While many of the characters (especially Poppy and Wink) start out as caricatures, Tucholke gives them depth and nuance as the story progresses – and we learn more about their innermost thoughts, feelings, and motivations. Tucholke handles her creations with care and compassion, inviting us to know the people they are under the masks, the lies, the performances. And I was shocked to find myself kinda sorta liking them all, once all was said and done.

Tucholke tells the story in short, punchy chapters that are alternately narrated by Wink, Poppy, and Midnight. She manages to imbue each teen with her or his unique voice. So skillful is Tucholke’s writing that I was immediately able to identify the point at which Poppy’s spirit inhabited Wink’s body during the seance. It’s a subtle transition, but also an unmistakable one.

I really can’t say enough good things about this book. The more time I’ve spent thinking about and writing this review, the more I’ve come to appreciate it. Wink Poppy Midnight is a magical blend of suspense, horror, fairy tales, and contemporary YA fiction. Maybe it’s not for everyone, but I put that check in the “win” column. Sometimes you take a risk on an unusual story and it pays off in spades, you know?

Though the two are wholly different beasts, Wink Poppy Midnight is vaguely reminiscent of The Walls Around Us (but with infinitely more swearing!) – which is appropriate, I guess, since Nova Ren Suma got a shout out in the afterward. I think it would also pair well with Kali Wallace’s Shallow Graves, as well as Down With the Shine, by Kaye Karyus Quinn.

4.5 stars.

(This review is also available on Amazon, Library Thing, and Goodreads. Please click through and vote it helpful if you’re so inclined!)


Comments (May contain spoilers!)

Diversity: Midnight’s half-brother, Alabama, is Muscogee and Choctaw on his father’s side. Alabama and Midnight’s mom up and moved to France – without Midnight or his father – so she could write a novel.

Wink Bell’s father abandoned the family after her youngest sibling, Peach, was born. She describes him as having olive skin, but almost all of the Bell kids are pale with red hair (except for Bee Lee, who’s brunette like her dad). He comes from “a long line” of “roamers.”

Wink and Poppy fooled around a little – in preparation for the “story” – though it’s hard to tell if this was merely a practical matter for both/either of them. In one scene, Wink kisses Poppy, in front of an audience, on a dare – and Poppy, at least, seems to enjoy it.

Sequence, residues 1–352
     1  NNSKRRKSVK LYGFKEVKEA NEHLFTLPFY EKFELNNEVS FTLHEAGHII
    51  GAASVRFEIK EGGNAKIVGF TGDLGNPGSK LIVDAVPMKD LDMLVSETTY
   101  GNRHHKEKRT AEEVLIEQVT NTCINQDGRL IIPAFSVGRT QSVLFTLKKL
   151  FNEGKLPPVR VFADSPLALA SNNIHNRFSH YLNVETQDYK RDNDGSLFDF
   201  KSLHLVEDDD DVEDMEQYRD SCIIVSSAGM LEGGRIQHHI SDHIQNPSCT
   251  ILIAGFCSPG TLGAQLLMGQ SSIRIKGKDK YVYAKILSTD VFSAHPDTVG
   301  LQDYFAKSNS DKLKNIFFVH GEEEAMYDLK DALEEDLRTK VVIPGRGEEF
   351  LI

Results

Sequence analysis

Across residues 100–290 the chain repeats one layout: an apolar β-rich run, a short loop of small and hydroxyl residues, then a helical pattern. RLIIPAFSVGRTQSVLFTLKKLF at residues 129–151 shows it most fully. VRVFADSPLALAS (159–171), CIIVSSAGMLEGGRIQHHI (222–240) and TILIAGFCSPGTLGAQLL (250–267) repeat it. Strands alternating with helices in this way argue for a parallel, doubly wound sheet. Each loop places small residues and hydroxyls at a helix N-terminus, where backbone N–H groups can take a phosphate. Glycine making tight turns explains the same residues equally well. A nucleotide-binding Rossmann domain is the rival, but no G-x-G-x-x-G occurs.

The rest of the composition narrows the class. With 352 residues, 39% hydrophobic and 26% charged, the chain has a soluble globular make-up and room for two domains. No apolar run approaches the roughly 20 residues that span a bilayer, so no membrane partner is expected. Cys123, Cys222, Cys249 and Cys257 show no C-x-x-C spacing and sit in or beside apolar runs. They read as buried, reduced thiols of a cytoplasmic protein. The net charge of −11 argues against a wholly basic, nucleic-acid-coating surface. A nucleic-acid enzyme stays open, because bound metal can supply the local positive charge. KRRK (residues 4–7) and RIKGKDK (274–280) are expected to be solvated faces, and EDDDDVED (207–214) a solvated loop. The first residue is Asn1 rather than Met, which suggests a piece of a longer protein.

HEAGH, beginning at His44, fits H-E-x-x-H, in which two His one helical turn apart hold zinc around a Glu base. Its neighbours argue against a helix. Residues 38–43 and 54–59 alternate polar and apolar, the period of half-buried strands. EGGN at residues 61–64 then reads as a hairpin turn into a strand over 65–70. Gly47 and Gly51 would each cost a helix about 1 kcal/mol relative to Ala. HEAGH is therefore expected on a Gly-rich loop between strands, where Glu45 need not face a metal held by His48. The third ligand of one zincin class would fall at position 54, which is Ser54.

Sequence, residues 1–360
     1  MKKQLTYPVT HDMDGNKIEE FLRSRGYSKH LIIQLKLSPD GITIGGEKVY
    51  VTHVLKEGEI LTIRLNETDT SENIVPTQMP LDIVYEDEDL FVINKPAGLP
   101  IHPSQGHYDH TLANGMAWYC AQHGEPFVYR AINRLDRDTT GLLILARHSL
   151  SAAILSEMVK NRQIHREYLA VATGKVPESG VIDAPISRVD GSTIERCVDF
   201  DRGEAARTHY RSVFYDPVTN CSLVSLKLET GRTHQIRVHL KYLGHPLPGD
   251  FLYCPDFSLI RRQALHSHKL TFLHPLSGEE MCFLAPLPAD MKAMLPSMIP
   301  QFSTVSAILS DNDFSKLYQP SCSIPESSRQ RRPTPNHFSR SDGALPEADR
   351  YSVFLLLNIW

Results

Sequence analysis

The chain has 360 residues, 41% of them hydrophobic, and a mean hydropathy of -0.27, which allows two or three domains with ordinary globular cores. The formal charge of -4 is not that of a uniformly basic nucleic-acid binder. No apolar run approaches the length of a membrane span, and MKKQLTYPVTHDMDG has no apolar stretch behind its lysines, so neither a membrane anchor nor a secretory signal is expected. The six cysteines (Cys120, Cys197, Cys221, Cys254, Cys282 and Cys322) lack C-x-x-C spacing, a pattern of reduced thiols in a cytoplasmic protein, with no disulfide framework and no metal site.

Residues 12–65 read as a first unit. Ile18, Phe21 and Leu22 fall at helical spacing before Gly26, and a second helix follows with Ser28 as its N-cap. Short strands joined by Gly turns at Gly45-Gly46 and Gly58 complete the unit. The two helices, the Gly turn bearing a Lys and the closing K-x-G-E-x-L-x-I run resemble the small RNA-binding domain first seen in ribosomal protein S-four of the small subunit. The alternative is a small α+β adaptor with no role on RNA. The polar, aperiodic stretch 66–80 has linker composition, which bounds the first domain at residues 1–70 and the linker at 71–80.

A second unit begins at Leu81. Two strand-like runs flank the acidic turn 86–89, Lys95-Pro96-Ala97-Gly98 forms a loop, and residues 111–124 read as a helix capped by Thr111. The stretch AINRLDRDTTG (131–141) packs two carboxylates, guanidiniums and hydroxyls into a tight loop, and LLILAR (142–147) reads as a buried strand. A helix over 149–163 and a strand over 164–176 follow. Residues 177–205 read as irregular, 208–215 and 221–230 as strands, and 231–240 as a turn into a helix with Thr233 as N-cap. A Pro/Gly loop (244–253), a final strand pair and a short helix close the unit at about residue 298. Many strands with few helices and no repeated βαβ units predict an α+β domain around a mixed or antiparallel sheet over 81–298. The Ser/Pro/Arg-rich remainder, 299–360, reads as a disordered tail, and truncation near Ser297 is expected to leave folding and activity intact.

Buttercup, one quarter of The Yellow Peril, Poppy’s inner circle, is variously described as having olive skin and as “the daughter of a martial arts movie star who was never around. He left her here in Broken Bridge along with his wife, and only came back for holidays, and Buttercup’s mother was tall and beautiful and elegant, long swinging black hair, like mother, like daughter. I’d seen her once at the farmers’ market and once in the bookstore, but I don’t think she spoke English, not very well.”

Thomas’s younger sister drowned in the Blue Twist River when she was eight; Thomas was supposed to be watching her. Mad with grief, his father was eventually institutionalized. He’s easily the saddest and most tenderhearted of Poppy’s Yellows.

Leaf Bell beat up DeeDee Ruffler after she called Fleet Park “a slant-eyed boy-loving Chink,” making him cry. He put her in a coma and left her with possible brain damage.

Animal-friendly elements: The Bell family bought some retired, possibly-about-to-be-made-into-glue horses that were “too old to ride” and put them up in a field near the abandoned Gold Apple Mine so they could live free(-ish). “Mim’s got a soft heart for animals.” That said, the Bells have a small farm where they harvest eggs and milk for personal use.

After graduation, Leaf joined a group of environmental activists in California: “I SPREAD THE rumor that Leaf was finding cures in the Amazon, but he really ran down to California, to the Red Woods. He was living in the forest with some other Heroes, sleeping in tents during the night and fighting the Loggers during the day.”

And then there’s this (my favorite!):

Bad people still put out traps in the woods. Leaf and I found a coyote once, his back foot caught in the metal teeth. The coyote screamed and screamed. He tried to bite Leaf, and did, on his upper arm, a deep nip, but Leaf got him free all the same. The coyote ran off on his three good feet and didn’t look back.

Leaf stayed out in the forest for two days straight, waiting for the trap man to return to his snare. When Leaf finally came home the front of his shirt was dripping blood. Mim didn’t ask questions. She never asked Leaf questions.

I see the coyote sometimes, standing in the trees at the edge of the farm, looking at me with his big ears and bushy tail. I know it’s him, because of the limp. He watches us for a while, and then retreats into the woods, back to doing his coyote things. He’s looking for Leaf, but I don’t know how to tell him that Leaf is gone.